As if trying to systematically wipe away all my problems with the original, this series doesn't overstay its welcome at all. The series is consistent and slow, but not to the boring end of the spectrum. The length of the series is just 13 episodes and every moment is there for a reason. It is amazingly well paced.

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The main character, Haruki, is a likable nice guy protagonist that doesn't have any really visible character flaws. The series plays with this by showing off how a nice exterior can in fact be the flaw. He makes decisions without entirely considering the implications of doing so. This becomes abruptly clear in the romance plot.

The Bad:

The original White Album was extremely complex and had a labyrinth of complex relationship dynamics. In White Album 2: the plot is clear, the tropes at use are basic, and the characters aren't some brilliant new invention. They are both very different on this note. I loved the simplicity of White Album 2, but some might not appreciate the explicit simplicity as much as me.

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One of two things will happen when you finish this series: you'll either hate Haruki as much as Makoto or you'll love what happens. Personally, I'm in the latter camp, but this is going to be polarizing for people that try to call Haruki out on his crap.

The series ends unresolved. There is a need for a continuation to clear everything up. There is a bit of closure, but it is a cliffhanger.


The Verdict:

Let me say something right upfront here: if you have an urge to watch a serious, simple romantic drama series, you've got one here. Just watch it. While I only got around to it at the very end of its run, this is definitely one of the best anime from the 2013 fall anime season.

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The plot is simple and the characters aren't gigantic labyrinths of character development, but there's something really special about this series that I couldn't put my finger on. It is a gentle and sweet romantic drama series that exploits its characters excellently. The fanservice is minimal and it avoids a majority of the weird animation techniques that anime employs.

The characters have simple personalities but have hidden motives and use some well-meaning (but flawed) approaches to meet their goals. Unlike White Album and School Days, I didn't feel the need to smack the main characters at all (there were one or two instances). They are relatable and their reactions to things aren't that bad (just misguided).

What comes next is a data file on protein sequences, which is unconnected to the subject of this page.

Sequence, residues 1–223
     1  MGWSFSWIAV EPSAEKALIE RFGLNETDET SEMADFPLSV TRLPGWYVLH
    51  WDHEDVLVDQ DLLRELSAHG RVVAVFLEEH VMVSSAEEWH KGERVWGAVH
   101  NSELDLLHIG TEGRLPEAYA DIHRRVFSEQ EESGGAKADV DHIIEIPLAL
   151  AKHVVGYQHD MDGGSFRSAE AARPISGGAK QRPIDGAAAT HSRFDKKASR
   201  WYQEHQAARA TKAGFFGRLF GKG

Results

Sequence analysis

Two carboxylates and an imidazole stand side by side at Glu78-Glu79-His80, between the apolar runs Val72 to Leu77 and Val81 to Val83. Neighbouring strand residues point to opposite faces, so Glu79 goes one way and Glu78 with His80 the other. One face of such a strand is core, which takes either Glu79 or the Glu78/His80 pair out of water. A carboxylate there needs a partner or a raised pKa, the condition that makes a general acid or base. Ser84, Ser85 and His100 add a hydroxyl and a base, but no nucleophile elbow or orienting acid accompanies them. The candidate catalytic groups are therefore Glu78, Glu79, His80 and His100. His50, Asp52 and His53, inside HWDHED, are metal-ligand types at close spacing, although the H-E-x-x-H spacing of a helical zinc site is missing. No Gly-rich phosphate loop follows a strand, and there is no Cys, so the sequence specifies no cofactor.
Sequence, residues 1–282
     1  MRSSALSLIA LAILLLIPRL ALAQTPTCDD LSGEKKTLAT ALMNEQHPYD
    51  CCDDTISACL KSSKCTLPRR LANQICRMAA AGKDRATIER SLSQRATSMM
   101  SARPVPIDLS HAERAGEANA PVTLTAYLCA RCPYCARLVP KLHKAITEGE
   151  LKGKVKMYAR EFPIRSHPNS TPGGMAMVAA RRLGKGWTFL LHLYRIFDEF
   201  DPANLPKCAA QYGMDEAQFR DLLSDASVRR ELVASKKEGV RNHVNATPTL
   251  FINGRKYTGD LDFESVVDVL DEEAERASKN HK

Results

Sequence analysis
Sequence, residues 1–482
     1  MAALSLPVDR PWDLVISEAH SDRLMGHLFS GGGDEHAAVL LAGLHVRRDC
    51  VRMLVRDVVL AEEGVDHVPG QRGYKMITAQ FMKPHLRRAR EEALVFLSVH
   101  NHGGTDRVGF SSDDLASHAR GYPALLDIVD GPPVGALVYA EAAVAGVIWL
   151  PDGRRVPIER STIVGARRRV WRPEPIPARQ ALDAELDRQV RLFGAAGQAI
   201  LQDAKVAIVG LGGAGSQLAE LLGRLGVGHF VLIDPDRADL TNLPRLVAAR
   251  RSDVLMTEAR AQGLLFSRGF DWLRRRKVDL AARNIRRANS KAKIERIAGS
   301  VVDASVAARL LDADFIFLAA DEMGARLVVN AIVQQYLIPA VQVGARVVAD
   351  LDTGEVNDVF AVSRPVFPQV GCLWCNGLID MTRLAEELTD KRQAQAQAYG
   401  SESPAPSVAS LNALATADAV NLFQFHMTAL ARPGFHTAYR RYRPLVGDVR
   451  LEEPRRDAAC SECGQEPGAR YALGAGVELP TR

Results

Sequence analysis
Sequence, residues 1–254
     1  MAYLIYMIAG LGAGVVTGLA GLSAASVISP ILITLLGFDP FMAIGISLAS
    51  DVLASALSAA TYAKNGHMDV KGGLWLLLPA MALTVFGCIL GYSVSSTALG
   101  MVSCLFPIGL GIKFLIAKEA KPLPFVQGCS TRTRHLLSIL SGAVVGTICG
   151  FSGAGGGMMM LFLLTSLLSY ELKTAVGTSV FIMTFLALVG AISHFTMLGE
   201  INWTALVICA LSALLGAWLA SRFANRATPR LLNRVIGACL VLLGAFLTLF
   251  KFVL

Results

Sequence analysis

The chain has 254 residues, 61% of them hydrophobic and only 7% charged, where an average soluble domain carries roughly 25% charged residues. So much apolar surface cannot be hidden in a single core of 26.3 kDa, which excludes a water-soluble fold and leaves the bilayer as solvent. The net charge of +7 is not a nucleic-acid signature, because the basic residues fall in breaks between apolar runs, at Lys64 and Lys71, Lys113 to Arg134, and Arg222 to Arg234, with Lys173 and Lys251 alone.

It just feels real, which is pleasant to see occasionally in anime.

The whole thing is pretty seriously played and I can't say that I have many problems with it. If you're looking for a serious romantic drama series, then I can think of no reason to say not to watch this. The only downside is that there is a cliffhanger at the end.

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Don't let that discourage you though, it is a great anime, particularly for the holiday season. It was a surprise this month after the mixed bag that White Album was.


Random Facts:

  • In Japan, it is a common occurrence on graduation day for a male graduate to give his uniform jacket buttons to female students. It can be requested by a girl or the boy may give it to the girl he likes without being asked in which case the boy will probably give his second button. Why? The most popular theory states that since it's the closest to his heart it represents his feelings for that person. Why the talk about buttons? Go watch the series and you will understand (also more info here).
  • White Album 2 is based on a VN. The novel is segmented into three parts: Introductory chapter, Closing Chapter and Coda. The Anime covers only the Introductory chapter, and that's the reason the ending may feel so abrupt, but there's a lot of material for a second season.
  • "Koko ga anno ona no hausu ne" or "This is that woman house" huh? It's some sort of meme between White Album fans and it is used twice in the Anime once by Setsuna and once by the teacher. Think this is weird? Me too. Go figure!

Information:

White Album 2 is available for streaming Crunchyroll.

As usual, I claim no ownership of the images herein.

I actually have quite a few reviews to get through, so my next couple of days are in doubt. I have no idea which ones I'll manage to get before the deadline. All I can say for certain is that the 31st review will be coming and the awards articles will be there shortly after.

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This is part of my Anime Review Marathon that I began in October 2013 to record my thoughts as I watch a variety of anime on my ever growing backlog. These reviews won't come out on a consistent basis, they'll come out when I feel I have seen enough of a series to pass a judgement on it, although I will usually finish the whole series before the review.

You can see all my articles on Dex's Corner. You can see all Aestevalis' articles on his own blog.